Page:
A recent BBC News interview showed a doctor in India doing ultrasounds with mothers. Behind him on the wall was a large sign Disclosure of sex of foetus is prohibited under law. But the 2003 law has been largely ignored, with doctors colluding with mothers wanting to identify baby girls before birth so they can abort them.
The report showed a new device called the Silent Observer which records all use of the ultrasound units and uploads it onto a government website where it can be monitored.
Further research yielded a report on this initiative which requires all ultrasound centres in the Indian state of Maharashtra to install and use the Silent Observer and requires online reporting and uploading of the testing done with the ultrasound – a sort of spy in the clinic, to deter doctors from facilitating female foeticide.
The scale of the gender imbalance is highlighted in the fall in the relative number of girls under six years of age. ‘A defining indicator of the grim scenario is the sharp decline over the last decade in the child sex ratio for the age group 0-6 years … from 945 in 1991 to 927 in 2001. Alarmingly, the urban areas, more literate and therefore perceived as being more modern, have shown a huge 29-point drop from 935 in 1991 to 906 in 2001.’ In the state where the ‘Save the Baby Girl’ pilot project was started, Maharashtra, the female sex-ratio fell from 946 in 1991 to 917 in 2001 and the drop was found to correlate with the number of ultrasound centres.
‘The gender composition in south and East Asian countries has worsened over a period of time. The skewed sex ratio indicates gross violation of women’s rights.’ And they acknowledge exacerbation of the problem by modern technologies – ‘The sex determination of foetus by technologies like ultrasound scanning, amniocentesis and in vitro fertilisation has aggravated the situation to an alarming level’ adding ‘if Asia’s sex-ratio was the same as [the] rest of the world, in 2005 Asia’s population would have included almost 163 million more women and girls.’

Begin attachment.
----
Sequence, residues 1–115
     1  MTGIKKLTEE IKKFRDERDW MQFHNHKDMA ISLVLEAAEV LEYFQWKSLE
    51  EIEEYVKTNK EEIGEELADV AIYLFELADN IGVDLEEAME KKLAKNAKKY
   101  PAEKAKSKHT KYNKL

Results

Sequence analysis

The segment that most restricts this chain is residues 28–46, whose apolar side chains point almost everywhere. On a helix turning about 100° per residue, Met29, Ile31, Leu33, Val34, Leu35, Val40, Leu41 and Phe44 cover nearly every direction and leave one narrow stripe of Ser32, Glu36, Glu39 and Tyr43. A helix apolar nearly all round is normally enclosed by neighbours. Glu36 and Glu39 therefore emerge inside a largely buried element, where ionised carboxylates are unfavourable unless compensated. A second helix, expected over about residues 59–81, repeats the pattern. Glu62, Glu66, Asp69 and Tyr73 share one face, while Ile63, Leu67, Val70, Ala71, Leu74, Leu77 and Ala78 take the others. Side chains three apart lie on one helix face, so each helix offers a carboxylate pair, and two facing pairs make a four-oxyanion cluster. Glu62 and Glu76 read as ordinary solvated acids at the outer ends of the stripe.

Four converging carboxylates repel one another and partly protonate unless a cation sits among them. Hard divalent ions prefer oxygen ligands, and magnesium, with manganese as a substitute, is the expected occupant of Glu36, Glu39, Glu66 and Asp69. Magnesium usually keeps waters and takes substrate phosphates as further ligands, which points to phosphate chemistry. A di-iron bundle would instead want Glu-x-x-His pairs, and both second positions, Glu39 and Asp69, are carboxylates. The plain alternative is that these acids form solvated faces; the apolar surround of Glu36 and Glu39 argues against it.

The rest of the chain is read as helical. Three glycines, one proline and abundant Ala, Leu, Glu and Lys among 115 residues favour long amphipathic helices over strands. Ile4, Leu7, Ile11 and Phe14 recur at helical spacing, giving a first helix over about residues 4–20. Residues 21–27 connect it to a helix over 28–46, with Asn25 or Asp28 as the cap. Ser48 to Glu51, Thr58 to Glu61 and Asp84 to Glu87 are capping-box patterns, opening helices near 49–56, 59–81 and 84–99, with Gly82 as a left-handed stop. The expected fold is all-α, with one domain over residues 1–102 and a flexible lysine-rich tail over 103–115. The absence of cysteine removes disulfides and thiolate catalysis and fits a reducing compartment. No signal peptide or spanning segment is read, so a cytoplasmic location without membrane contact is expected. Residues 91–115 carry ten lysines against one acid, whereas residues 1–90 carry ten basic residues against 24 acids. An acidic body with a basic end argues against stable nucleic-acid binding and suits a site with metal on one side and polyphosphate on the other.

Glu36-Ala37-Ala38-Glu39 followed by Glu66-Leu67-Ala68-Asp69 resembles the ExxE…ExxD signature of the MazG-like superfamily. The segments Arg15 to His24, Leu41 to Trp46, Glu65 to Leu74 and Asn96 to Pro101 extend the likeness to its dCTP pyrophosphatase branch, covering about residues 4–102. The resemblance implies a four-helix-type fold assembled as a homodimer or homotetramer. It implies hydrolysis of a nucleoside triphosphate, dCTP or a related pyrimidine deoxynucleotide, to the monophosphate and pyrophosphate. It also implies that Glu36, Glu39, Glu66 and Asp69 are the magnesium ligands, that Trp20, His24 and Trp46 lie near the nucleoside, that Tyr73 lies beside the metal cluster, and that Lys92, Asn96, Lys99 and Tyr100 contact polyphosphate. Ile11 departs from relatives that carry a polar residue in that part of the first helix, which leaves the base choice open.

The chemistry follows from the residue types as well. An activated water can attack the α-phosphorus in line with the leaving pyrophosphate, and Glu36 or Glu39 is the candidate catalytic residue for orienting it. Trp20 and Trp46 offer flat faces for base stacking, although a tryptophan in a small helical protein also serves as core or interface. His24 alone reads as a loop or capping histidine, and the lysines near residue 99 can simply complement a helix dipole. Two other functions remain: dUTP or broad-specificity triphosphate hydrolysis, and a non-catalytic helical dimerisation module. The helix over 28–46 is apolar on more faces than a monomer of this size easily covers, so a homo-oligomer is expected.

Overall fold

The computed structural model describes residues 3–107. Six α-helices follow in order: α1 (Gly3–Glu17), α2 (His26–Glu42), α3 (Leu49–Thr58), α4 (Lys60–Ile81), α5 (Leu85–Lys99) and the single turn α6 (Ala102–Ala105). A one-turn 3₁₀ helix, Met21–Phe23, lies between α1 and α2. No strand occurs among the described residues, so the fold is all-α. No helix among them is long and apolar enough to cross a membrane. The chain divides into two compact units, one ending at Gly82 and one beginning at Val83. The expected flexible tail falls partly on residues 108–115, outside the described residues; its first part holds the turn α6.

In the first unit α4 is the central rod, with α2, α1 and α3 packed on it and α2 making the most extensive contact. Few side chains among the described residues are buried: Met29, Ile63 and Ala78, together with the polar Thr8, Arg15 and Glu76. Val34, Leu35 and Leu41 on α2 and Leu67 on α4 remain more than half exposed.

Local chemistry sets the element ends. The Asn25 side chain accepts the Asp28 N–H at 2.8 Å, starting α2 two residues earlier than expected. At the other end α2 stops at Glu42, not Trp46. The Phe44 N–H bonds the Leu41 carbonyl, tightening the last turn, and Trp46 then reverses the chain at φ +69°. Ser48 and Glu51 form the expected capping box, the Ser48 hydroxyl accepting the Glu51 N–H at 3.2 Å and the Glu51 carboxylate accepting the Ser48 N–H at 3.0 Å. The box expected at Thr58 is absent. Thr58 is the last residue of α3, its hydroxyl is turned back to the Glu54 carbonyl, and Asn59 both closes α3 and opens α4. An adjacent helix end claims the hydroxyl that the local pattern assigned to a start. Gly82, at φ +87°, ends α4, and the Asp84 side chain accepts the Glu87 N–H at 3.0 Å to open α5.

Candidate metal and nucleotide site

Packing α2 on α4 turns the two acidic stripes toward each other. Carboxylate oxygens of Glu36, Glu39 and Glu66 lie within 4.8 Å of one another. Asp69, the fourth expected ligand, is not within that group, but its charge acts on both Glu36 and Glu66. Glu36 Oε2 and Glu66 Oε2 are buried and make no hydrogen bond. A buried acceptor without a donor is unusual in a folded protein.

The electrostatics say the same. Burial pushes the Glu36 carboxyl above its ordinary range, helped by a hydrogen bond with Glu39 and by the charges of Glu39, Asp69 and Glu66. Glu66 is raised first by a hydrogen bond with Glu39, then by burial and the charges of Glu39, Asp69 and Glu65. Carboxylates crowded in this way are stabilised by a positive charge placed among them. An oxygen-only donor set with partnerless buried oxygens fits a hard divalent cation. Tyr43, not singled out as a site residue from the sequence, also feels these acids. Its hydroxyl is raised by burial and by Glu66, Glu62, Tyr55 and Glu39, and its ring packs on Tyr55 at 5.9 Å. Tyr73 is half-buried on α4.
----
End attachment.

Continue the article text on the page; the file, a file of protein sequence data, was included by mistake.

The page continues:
The root cause, however, is the social and cultural view of the woman as inferior to the man that leads girls to be seen as a costly burden which families have to pay heavily to get rid of in a dowry so that ‘the birth of a girl is seen as a calamity to be avoided.’
The violence against women that gendercide is described as ‘A pernicious form of violence against females in some parts of India has been - and still is – the elimination of the girl through female infanticide. Various methods have been used to extinguish the girl after birth, such as starving, poisoning or crushing her under the bed, etc. We should note that the task of female infanticide was laid upon the woman/mother, as she was considered responsible for bringing the baby girl into existence.’
This ‘Save the Baby Girl’ project is to be welcomed as a step in right direction towards equality of treatment of baby girls in India before and after birth.
You can watch the 4 minute BBC News report here
You can read the full article about this initiative here